Found this site as I was searching for some info and it seems to be pretty decent. So, here I go...
Over the last year, I've been going through workups for a variety of things. The thinking has been more suggestive of a neuro disorder up till now, but that might have changed. I've hooked up with a great MS doc and one of the things we just did was the ANA panel. Because we're still waiting for some other tests to come back from the lab, we haven't talked yet.
But, my ANA came back positive. It did not report the titer level and that is on my list of things to ask him about. Hep2 came back at 23, also positive. Ok, so that's suggestive of autoimmune. Not definitive by any means.
The anti-ssa (ro) came back with a level of 52. My results show a standard range of 0-90. However, I can't find ANY material on the net that talks about standard ranges for this. I have found the cite that says .1% to .5% of the general population will have this anitibody in their blood.
Everything that I'm reading is suggesting that any level of the anit-ssa /ro is a positive result, but I can't even find something that says that.
Can anyone help shed some light on this, preferably with links to info on the net?
Scott, for SSA (anti-Ro), on my recent labs, < 16 is considered negative, and "equivocal range" is 16-20 Eu/ml. While my lab seems to use a different reference range than your lab, this nevertheless suggests that the SSA can be > 0 but still be considered negative.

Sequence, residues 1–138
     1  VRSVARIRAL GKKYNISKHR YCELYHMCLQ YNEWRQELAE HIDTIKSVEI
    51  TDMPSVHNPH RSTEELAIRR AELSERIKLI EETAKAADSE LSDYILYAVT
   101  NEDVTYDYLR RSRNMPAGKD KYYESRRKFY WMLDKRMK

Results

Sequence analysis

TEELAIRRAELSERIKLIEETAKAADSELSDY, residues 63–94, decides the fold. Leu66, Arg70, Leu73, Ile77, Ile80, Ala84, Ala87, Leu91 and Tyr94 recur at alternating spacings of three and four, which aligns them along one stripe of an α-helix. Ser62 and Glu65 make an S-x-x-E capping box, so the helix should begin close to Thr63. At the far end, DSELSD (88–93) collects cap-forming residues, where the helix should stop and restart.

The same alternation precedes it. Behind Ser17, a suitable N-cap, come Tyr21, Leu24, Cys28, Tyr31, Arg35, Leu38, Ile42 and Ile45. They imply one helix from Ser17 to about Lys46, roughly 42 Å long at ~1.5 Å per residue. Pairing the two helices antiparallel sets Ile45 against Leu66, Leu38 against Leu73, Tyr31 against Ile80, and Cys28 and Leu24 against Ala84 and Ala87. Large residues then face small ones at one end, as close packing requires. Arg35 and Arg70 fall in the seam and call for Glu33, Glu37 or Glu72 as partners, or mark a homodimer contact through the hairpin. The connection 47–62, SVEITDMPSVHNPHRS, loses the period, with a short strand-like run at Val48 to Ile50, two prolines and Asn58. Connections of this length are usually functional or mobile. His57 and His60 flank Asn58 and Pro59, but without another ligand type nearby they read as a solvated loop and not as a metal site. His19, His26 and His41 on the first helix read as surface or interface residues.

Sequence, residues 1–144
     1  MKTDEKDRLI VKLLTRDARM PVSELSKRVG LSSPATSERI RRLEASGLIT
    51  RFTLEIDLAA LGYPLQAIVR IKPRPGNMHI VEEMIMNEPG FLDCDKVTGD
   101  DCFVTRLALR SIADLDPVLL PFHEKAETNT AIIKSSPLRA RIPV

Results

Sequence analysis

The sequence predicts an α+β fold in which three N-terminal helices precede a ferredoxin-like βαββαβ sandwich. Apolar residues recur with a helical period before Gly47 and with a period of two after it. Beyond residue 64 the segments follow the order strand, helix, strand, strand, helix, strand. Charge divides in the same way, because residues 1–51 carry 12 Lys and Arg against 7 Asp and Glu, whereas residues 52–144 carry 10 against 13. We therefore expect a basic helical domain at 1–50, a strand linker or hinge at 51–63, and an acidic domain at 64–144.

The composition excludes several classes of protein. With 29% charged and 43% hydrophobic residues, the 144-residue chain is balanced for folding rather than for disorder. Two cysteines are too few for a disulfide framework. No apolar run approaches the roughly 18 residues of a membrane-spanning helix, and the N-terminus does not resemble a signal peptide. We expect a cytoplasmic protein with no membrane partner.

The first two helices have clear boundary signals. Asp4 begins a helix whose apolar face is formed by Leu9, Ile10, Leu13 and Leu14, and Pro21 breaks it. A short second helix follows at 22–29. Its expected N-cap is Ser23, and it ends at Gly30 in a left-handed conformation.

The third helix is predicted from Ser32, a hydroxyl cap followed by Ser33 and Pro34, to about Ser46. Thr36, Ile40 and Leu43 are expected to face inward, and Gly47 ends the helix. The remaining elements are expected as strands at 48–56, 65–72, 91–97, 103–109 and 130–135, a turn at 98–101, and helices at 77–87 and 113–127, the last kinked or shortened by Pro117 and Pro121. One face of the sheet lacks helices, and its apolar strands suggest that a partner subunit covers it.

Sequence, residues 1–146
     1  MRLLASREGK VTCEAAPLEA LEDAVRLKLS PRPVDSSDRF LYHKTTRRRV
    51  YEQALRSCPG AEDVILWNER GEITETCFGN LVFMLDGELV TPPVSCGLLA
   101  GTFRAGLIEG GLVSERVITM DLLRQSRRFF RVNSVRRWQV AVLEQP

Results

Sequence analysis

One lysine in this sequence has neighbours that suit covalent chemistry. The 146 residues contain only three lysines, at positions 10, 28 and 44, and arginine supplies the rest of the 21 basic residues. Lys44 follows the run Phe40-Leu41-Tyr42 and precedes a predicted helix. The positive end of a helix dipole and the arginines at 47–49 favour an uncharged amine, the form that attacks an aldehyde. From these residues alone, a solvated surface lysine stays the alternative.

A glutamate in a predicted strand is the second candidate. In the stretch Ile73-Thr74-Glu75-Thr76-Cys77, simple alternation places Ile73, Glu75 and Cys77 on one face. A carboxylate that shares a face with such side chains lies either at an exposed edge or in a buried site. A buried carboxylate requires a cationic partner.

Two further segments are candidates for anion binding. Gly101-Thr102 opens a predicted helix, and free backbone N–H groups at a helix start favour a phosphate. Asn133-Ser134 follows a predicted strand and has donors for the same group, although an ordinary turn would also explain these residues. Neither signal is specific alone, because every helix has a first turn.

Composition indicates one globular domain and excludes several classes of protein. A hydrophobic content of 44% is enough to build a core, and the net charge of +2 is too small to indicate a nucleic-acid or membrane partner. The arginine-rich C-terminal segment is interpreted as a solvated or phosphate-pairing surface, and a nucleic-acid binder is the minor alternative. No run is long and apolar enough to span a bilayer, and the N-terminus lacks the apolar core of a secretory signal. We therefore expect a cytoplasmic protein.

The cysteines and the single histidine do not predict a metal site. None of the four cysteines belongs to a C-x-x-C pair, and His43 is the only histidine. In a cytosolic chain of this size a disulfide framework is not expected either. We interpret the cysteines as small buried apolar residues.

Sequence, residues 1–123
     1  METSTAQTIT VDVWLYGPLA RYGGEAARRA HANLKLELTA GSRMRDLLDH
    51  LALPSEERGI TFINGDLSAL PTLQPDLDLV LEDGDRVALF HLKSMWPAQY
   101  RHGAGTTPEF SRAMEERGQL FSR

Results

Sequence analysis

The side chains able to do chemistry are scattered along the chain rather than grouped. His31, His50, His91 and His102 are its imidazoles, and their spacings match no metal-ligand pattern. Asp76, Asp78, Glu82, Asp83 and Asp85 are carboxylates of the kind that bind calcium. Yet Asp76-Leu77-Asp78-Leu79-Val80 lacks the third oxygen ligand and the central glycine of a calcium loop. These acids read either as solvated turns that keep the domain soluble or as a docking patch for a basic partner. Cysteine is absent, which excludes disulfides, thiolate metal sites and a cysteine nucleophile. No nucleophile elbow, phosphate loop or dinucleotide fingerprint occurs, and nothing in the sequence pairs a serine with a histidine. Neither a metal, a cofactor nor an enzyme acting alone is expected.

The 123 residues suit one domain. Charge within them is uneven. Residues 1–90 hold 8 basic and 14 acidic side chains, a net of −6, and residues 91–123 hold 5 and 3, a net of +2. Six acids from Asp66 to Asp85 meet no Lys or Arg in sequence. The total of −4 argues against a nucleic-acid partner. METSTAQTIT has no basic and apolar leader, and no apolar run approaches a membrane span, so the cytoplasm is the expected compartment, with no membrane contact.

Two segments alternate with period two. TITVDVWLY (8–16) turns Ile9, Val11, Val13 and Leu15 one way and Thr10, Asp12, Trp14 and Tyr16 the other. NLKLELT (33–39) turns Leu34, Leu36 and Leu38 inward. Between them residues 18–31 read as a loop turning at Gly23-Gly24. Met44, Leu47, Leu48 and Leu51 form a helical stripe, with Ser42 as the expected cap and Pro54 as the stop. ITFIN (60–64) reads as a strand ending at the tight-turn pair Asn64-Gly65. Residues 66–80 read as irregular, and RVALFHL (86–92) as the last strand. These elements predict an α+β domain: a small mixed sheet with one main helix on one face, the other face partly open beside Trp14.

That's interesting about your Hep2 result. Was a ref range for it shown? Have you caught up with the specialist who ran the ANA, etc.? Let us know how you're doing. With my best, Vee
Thanks for helping out. I've checked in with my internist and we're going to repeat the ANA panels, qual and quant. The lab at the hospital they were sent to doesn't report the titer or pattern for the ANA. Both of those are very important from what I've seen. My neuro guy is great and knew enough to order the test, but I'm not sure he's really, really up on interpreting it. I'd think if he was the lack of a titer would've concerned him.
My Hep-2 was 23, with a range of 0-10 being shown as normal. I've tried to find some info on this one, but have pretty much struck out. I'm usually able to find things really fast (I'm a PhD researcher by training), so I'm confused here. All I've been able to learn is the Hep-2 has something to do with the test itself, being associated with the switch from mouse dna to human for references.
If you've got any info on the Hep-2 and what it means (or can point me somewhere), I'd really appreciate it.